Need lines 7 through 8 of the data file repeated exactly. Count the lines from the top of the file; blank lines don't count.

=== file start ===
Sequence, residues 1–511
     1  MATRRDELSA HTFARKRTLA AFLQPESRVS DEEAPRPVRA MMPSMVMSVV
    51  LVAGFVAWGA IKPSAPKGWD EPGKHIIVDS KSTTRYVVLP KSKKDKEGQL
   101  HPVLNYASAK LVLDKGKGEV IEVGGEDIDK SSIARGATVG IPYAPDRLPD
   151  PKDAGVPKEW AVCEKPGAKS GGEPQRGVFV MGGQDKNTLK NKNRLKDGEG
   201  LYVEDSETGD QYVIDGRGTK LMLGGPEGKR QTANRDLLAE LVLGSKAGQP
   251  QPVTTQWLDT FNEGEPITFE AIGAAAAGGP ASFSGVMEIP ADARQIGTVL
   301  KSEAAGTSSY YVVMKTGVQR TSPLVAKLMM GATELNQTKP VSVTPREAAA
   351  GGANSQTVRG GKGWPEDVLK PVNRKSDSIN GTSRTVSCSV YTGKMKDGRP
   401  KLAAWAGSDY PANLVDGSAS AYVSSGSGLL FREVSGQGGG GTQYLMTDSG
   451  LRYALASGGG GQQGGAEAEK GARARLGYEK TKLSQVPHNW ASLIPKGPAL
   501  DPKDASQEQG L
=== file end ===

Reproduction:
   251  QPVTTQWLDT FNEGEPITFE AIGAAAAGGP ASFSGVMEIP ADARQIGTVL
   301  KSEAAGTSSY YVVMKTGVQR TSPLVAKLMM GATELNQTKP VSVTPREAAA